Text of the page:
(I will reveal plot details below; those who haven't seen RULES please read no further! My brief analysis of the film, of course, does not do justice to it.) Though a comedy on the surface and raucous at times, RULES consistently delves into the dark themes of deceit and death. Throughout the film we see lies being told, infidelity being committed, hypocrisy being carried out. At the film's midpoint, the violent, belligerent nature of man is potently depicted in a barrage of killings that occur in the famous hunting sequence. Near the end, the film teases us briefly when enemies seem to reconcile and past offenses are about to be forgiven. Then, in one of the most memorable endings in film, death and deceit resurface: a man is shot to death as a result of an extramarital love affair, and his death is explained away neatly as an accident in order to hide all the "dirty linen"; it is a moment that makes you laugh out loud at its absurdity and sigh in sadness at the same time. The film concludes with one of the most haunting images: a funereal procession of the shadows of people moving past our view.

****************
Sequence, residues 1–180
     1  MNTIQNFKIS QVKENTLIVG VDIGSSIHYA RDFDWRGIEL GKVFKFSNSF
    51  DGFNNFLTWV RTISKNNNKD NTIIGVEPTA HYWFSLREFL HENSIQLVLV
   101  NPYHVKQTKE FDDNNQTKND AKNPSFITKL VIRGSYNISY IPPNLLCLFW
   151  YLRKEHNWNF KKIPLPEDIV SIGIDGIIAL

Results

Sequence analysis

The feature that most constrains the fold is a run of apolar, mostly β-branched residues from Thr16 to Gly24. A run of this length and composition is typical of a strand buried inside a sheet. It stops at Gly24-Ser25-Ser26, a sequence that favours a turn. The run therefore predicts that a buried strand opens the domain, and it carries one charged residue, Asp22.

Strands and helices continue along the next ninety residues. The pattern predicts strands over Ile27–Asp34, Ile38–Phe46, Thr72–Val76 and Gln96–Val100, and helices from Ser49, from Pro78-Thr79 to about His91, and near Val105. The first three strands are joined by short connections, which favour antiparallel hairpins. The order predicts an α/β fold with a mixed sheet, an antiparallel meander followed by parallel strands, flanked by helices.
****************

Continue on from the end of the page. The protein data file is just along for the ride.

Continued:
To paraphrase the old general in the film, films like RULES are "a rare breed" indeed.
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on September 21, 2013
The black-and-white photography/cinematography is superb, what with Henri Cartier-Bresson in both cast (the English butler) and crew (assistant director of photography)...long depth-of-field shots! And the opening scene has got to have inspired Orson Welles "Citizen Kane." A great French comedy of manners/farce...and a critique of French society at the same time. Renoir both directs and acts in the film...he's a surprisingly delightful character.